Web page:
Royal Opera House: Why we love linked data and the semantic web

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Ongoing project to rebuild the Royal Opera House website along semantic lines.
The challenges of thoroughly modelling information for a cultural institution.
The potential benefits for arts organisations of exposing their data.

Ellen West and Jamie Tetlow gave this presentation at Culture Geek conference at the Barbican Centre in London on Friday 7th September 2012.

http://www.culturegeek.com

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  • 1. Why we love linked data and the semantic web Ellen West (Online Content Manager) - Studied English, entirely editorial background. 20 years ago would have wanted to go into publishing. Joined BBC online in 1999 and then ROH in 2011. Jamie Tetlow (Design and Development Manager) - Studied Fine Art. Fell into the web through a diversifying music production company. Joined BBC in 2002 and then ROH in 2010.
  • 2. Teams Content - 8 staff including Content Producers, Social Media Manager, Learning Producer, AV Editor and a Web Editor. Technical Development - 2 Developers - a completely new team, used to be outsourced to agencies but ROH wants to take more control.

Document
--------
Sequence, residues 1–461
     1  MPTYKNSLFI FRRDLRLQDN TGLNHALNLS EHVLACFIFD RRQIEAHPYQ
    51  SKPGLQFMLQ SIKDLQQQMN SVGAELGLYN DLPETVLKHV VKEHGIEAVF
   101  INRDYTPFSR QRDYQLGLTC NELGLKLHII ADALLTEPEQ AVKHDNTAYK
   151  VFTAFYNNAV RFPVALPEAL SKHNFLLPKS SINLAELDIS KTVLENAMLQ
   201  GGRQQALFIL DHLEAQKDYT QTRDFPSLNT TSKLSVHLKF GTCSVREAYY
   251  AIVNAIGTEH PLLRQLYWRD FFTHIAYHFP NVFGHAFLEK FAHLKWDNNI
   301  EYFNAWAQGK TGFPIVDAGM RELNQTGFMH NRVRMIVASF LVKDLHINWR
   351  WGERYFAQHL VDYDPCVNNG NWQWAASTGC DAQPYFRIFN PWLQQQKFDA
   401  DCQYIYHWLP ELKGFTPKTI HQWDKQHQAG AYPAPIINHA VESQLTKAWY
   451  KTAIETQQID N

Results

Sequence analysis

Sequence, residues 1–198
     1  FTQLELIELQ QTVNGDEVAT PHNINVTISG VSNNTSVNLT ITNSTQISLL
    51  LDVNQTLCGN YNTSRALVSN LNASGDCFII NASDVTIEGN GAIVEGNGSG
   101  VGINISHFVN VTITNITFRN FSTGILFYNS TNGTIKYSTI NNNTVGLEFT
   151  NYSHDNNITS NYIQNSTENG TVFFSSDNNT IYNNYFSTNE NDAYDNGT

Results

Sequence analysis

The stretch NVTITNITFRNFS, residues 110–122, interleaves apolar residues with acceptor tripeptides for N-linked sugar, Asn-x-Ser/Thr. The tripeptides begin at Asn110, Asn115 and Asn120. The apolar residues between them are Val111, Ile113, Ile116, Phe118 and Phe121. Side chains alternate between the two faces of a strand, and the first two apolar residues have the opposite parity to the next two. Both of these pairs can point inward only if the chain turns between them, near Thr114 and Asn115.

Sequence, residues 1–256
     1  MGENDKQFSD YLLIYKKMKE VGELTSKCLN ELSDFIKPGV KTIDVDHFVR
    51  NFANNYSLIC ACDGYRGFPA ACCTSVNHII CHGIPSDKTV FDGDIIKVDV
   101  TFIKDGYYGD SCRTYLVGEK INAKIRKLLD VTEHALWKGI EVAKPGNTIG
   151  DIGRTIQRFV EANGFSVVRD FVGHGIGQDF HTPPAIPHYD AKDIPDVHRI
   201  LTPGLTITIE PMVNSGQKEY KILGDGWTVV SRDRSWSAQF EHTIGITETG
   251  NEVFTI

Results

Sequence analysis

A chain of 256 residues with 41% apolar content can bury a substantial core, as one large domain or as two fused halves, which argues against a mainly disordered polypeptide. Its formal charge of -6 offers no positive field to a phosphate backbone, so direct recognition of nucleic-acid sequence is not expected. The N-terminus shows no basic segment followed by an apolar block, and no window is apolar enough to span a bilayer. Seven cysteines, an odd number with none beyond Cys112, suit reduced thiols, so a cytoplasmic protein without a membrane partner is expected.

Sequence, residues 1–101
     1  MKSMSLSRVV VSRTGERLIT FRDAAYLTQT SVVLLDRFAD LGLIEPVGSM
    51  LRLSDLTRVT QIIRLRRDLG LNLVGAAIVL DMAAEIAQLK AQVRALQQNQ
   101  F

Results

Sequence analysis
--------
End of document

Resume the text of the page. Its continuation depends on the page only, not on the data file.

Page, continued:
• 3. Some definitions
  • 4. 'Linked Data' / 'Semantic Web' Tim Berners-Lee, Design Isues, 2006-07-27 http://www.w3.org/DesignIssues/LinkedData.html Data enlightenment - providing a key for your data's potential energy. Is your data 5 star? ROH is lingering somewhere between 2 and 3. How did we get there? WHat influenced us? Where are we going?
  • 5. Culture Hack Day, January 2011
  • 6. Culture Hack Day (Weekend) Actually a weekend, 15-16 January 2011 http://culturehackday.org.uk/previous-hacks/culture-hack-london-2011/ The first Culture Hack Day curated by the Royal Opera House but mostly the product of Rachel Coldicutt (now of Caper and continuing the Culture Hack strand). Many developers worked with data freely available on the web, we had brought 2 CSV files for people to use, useful but harder to get started. This, as the key sponsor, was a little embarrassing.
  • 7. Some specifics CULTURE HACK DAY – THE STATS: 69 DEVELOPERS 8 INSPIRING SPEAKERS 12 CULTURAL ORGANISATIONS 1 SOFTWARE COMPANY 3 MEDIA ORGANISATIONS 2 FUNDING BODIES 80 PEOPLE WHO WERE INTERESTED ENOUGH TO TURN UP AND JOIN IN WITH THE DEBATE 276 TWEETS FROM @CULTUREHACKDAY 15 GIANT BEAN BAGS 82 PIZZAS 11 CRATES OF BEER 100 GOODIE BAGS FULL OF USB STICKS, DVDS, STORYCUBES, MAGAZINES...
  • 8. Hack by Clare Lovell and Matthew Somerville Pepys' Shows http://pepysshows.co.uk Combining the Pepys diary blog serialisation by Phil Gyford and Matthew Somerville's own Theatricalia theatre database to provide Sam's postings and reviews on productions he'd seen.
  • 9. Hack by Dan Williams When Should I Vist? Gather data from Foursquare logins to allow people to see which were the less busy days to visit a museum.